Like this page?
Send it to a friend!
Who Do You Think You Are?
Gustave Dore print of Dudley Street
I started to research my family history about at the start of 2000, when I thought I would try to find out if there was any history about my middle name, Freeman.
All I really knew was that we were Londoners, my great grandfather was called Benjamin Freeman Newton and that my great uncle Freeman Newton had been Chief Constable of Herefordshire between the two world wars.
I had recently heard about the free FamilySearch.com website, and was fascinated to find there were thirteen Freeman Newtons – almost all of them from Lowestoft and Great Yarmouth and the oldest dating back to 1748. Could Freemans from Suffolk be anything to do with my family? I set out to find out if they were.
The 1881 census on FamilySearch had also told me that a Freeman Newton was living in the same street in Whitechapel as Benjamin and I was able to confirm that he was the father when I got his birth certificate.
The census revealed that Freeman was not a native Londoner, but was born in Norwich in 1828. and was a bookbinder by trade. The trail grew hotter! Another interesting fact emerged when I discovered Freeman’s wife was born Susannah Moses, daughter of outfitter Mordecai, which obviously opened up another line of enquiry into these newly discovered East End Jewish roots.
Living in Ipswich since 1986, but now working in Norwich, I was able to pursue the search in the Millenium Library at the Forum in Norwich. I started to look in all the Norwich parish registers for Newtons born in 1828 and struck lucky after only looking at a few.
It was a real “eureka” moment when I found my great great grandfather’s baptism in St George’s Coslany and his parents Freeman and Sarah, who had married in Yarmouth the year before.
Joseph Newton's will
This missing link now took me back through a succession of Freemans, Nathaniels and Josephs to a Joseph Newton born in Lowestoft in 1663. There was also a branch with lots of Freemans who moved up to Grimsby. But I was a real Suffolk boy after all!
It was wonderful to discover, in the Suffolk Record Office in Ipswich the original copy of the 1720 will of my eighth great grandfather Joseph Newton, a joiner of Lowestoft, complete with his signature and seal, beautifully written and decorated.
A man of some substance, he left his three houses to his children, his best woollen clothes and the tools of his trade to his son Joseph, while his daughters Esther and Catherine inherited his bed, linen and household goods.
The next development came when the 1901 census was published in 2002. I went down to the Family Records Centre in London and started looking for my grandmother Daniels’ family in Westminster.
I found to my surprise that her father had been born in Suffolk too – the record said in “Coddam”. I guessed that this might be the enumerator mishearing William Daniels say “Coddenham” in his Suffolk accent, and so it proved when I followed the trail back to Suffolk and found they had come from the village of Winston near Debenham.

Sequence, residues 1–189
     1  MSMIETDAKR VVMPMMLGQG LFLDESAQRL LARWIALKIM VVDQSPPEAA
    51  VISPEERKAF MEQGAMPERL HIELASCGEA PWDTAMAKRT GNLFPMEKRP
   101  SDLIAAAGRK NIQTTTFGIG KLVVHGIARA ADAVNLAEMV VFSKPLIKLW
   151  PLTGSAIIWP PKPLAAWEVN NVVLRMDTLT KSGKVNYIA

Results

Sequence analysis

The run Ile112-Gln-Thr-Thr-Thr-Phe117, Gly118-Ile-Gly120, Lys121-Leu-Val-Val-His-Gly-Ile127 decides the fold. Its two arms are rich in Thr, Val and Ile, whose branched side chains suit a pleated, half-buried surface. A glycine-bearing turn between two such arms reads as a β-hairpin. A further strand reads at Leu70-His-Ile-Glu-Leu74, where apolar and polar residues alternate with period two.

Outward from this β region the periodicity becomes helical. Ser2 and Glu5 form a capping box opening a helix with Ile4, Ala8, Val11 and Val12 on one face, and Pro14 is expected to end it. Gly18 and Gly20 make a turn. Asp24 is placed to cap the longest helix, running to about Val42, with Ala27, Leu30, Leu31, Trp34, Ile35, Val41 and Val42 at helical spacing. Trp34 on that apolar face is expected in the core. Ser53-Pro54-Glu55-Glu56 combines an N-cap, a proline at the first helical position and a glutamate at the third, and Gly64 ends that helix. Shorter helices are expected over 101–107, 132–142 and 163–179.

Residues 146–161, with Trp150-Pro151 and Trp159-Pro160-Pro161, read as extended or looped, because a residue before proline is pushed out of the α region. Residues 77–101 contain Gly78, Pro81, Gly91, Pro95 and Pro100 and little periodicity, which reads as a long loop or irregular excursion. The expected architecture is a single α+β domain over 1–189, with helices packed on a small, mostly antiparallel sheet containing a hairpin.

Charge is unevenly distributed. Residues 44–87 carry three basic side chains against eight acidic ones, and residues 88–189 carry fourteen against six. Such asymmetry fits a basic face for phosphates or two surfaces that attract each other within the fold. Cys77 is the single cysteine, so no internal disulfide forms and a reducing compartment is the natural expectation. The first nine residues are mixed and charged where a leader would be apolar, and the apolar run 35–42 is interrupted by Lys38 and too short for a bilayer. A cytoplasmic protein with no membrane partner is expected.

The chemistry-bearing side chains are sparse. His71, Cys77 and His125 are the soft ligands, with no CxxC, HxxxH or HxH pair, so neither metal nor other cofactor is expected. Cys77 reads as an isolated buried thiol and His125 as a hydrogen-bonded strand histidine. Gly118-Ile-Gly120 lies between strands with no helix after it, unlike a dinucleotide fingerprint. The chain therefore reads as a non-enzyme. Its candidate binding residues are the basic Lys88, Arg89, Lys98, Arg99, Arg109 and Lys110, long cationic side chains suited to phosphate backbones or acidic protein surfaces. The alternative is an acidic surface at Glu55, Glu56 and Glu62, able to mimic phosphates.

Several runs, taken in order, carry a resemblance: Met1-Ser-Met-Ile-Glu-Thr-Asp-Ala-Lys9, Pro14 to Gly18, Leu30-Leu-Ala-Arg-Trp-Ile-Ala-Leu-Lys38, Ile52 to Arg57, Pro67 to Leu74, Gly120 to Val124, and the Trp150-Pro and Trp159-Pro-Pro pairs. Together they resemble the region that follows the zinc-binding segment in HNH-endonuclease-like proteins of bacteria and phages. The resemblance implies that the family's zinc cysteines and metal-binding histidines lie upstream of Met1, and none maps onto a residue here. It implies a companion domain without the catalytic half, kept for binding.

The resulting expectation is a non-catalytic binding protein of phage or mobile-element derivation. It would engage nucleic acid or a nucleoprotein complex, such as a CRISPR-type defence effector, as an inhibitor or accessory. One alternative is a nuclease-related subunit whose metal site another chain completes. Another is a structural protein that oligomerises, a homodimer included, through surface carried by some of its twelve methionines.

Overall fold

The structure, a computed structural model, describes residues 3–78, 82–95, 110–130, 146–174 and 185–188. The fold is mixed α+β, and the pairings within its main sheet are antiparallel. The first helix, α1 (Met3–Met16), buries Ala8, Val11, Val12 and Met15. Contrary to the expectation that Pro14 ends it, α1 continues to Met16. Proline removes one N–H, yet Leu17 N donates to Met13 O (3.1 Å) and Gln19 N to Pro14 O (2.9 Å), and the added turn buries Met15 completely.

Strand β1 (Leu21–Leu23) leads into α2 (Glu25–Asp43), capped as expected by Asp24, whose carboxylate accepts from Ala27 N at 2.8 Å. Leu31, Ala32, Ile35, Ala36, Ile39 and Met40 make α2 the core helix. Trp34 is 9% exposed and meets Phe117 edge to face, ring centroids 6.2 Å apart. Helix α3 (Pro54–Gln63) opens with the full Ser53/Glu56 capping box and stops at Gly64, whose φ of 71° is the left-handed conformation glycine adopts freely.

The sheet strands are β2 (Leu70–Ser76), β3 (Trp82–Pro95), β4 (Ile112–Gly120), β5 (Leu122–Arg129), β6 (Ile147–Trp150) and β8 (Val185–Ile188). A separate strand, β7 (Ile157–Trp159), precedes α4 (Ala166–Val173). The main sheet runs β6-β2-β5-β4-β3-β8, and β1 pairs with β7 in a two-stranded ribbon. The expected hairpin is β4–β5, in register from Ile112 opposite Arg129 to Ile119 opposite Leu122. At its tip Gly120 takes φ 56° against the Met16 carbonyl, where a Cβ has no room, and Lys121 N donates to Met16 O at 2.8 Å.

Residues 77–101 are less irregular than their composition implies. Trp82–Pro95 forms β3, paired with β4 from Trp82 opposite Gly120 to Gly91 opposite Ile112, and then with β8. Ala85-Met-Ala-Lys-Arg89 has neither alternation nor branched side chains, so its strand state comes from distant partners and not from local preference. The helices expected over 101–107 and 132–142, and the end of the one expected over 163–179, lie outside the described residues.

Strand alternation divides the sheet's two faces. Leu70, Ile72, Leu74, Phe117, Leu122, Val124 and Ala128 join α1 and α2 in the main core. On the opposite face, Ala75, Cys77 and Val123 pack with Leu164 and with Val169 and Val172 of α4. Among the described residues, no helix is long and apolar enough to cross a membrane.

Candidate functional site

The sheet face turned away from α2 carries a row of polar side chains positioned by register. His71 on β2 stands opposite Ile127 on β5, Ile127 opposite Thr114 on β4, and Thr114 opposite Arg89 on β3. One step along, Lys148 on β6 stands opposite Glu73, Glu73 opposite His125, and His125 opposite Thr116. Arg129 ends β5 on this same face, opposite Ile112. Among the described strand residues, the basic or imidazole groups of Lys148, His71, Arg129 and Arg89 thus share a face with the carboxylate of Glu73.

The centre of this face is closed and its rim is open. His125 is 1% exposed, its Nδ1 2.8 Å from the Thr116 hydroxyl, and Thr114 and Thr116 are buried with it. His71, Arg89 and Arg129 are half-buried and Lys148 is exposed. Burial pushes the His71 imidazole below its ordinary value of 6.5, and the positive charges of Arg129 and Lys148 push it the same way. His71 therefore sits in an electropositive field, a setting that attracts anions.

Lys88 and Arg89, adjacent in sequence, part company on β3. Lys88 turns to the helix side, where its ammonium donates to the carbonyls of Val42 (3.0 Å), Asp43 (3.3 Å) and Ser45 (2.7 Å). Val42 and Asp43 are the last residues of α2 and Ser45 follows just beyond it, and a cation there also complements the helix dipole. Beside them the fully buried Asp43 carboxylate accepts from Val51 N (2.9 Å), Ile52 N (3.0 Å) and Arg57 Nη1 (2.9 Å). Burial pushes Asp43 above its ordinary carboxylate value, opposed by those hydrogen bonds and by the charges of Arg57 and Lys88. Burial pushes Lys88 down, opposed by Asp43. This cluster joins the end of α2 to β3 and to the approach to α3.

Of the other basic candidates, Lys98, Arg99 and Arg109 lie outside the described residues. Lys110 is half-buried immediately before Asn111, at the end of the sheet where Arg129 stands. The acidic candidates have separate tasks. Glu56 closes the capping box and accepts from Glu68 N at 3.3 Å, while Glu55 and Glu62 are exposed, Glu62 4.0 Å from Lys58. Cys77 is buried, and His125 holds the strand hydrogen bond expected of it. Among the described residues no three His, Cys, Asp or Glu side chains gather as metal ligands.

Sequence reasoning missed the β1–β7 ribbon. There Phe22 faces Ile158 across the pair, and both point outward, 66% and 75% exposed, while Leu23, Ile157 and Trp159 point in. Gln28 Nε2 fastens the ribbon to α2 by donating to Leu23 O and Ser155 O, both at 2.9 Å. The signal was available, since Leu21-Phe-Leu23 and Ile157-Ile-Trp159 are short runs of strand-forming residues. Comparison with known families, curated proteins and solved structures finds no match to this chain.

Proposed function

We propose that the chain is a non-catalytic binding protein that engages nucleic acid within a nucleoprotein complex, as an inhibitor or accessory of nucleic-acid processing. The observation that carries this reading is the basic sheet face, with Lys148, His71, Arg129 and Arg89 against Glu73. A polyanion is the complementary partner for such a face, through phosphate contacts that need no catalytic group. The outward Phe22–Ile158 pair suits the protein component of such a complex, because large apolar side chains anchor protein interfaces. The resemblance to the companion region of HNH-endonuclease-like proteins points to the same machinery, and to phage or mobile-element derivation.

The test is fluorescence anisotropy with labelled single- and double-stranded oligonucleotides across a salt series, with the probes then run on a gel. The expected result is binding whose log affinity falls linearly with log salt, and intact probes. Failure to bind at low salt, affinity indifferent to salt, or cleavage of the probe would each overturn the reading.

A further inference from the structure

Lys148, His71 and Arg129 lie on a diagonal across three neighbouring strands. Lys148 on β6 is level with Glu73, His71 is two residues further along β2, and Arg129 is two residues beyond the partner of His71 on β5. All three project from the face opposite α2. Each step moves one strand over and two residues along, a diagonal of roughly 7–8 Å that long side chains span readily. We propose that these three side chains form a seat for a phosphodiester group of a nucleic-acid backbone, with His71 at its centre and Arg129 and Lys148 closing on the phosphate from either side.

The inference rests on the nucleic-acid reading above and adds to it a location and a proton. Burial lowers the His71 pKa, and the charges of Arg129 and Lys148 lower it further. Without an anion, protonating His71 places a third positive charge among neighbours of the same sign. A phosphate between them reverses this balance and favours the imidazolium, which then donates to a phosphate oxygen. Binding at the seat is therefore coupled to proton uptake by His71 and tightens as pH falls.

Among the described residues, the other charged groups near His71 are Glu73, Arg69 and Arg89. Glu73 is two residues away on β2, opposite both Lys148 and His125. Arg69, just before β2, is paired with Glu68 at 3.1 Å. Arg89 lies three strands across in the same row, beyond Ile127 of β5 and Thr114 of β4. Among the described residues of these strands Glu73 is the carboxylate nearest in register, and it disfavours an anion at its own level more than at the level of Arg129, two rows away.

William had obviously moved to London to find work: as a young lad his father had been in the Claydon and Barham Workhouse in 1851. And his father Thomas had been quite a character, too.
I found an 1840 Ipswich Journal report of his court appearance in Woodbridge accused of stealing some silverware from a house at Bedingfield and of selling it on at Cow and Gate pub on the Common Quay in Ipswich.
Thomas was found not guilty, but his co-accused was sentenced to fourteen years transportation, and Thomas’ other son Samuel got sixth months hard labour on the same day for stealing a greatcoat from the King’s Head in Woodbridge. Thomas is buried in an unmarked pauper’s grave in Ipswich cemetery.
My research has revealed a wealth of other fascinating stories, mostly on my mother’s side:
• One of my ancestors, a well-to-do Lincolnshire farmer called Spence Broughton, was hanged in York in 1792 for the robbery of the Sheffield to Rotherham mail after falling into a life of gambling and deserting his wife and family. His body was hanged in chains near the scene of the crime and 40,000 people were said to have come to see the event and his remains stayed hanging there for thirty-five years! A broadsheet ballad was written to tell his story as a warning to others which the folk-singer Ewan McColl recorded in the 1950s.
Going back to the early days of European settlement of South Africa I discovered that among my ancestors were Evert and Anna van Guinea, two West African slaves who had been on a Portuguese slave ship bound for South America, but captured by the Dutch and taken to Cape Town.
There they became slaves to early founders of the Cape Colony, and their daughter, Maria, was one of the first freed slaves to own property in her own right, and her family became the first to establish the wine-making industry in South Africa. I must go back to claim my inheritance – or at least a bottle of the famous Constantia wine the family made!
My research has been a wonderful way of learning so much about British and world social history, which becomes so much richer and alive when I understand the incredibly diverse backgrounds of these real people whose lives shaped my own and those of my family.
last updated: 23/06/2008 at 16:10
Have Your Say